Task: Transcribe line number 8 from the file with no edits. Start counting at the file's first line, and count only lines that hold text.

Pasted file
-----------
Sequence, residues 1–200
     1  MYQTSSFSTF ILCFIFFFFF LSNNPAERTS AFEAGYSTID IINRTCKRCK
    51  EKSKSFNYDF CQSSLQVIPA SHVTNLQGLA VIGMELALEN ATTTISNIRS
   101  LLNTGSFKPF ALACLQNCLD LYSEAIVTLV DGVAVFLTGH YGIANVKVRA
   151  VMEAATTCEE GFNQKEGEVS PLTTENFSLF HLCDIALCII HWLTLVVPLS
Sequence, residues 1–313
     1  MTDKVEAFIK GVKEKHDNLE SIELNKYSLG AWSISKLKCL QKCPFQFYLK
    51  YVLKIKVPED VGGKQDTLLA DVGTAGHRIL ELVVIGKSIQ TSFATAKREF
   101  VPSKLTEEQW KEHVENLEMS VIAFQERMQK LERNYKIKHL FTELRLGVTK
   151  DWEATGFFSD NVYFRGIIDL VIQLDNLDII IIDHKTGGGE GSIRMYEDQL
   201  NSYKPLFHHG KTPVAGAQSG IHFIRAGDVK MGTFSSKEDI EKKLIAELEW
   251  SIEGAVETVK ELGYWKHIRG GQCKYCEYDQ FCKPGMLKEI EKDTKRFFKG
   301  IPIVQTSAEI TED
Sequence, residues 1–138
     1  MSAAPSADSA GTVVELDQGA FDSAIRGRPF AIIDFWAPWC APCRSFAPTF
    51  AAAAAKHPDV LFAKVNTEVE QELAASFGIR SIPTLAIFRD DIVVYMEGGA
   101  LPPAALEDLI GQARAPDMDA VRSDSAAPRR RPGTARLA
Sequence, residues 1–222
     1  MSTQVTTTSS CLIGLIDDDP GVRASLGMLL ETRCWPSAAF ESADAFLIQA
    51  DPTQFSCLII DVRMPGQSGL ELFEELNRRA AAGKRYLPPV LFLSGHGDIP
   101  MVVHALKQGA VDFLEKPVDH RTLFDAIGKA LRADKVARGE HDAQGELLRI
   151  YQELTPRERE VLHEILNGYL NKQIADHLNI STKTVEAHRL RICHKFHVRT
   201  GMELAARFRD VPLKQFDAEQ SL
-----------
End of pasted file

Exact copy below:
    51  YVLKIKVPED VGGKQDTLLA DVGTAGHRIL ELVVIGKSIQ TSFATAKREF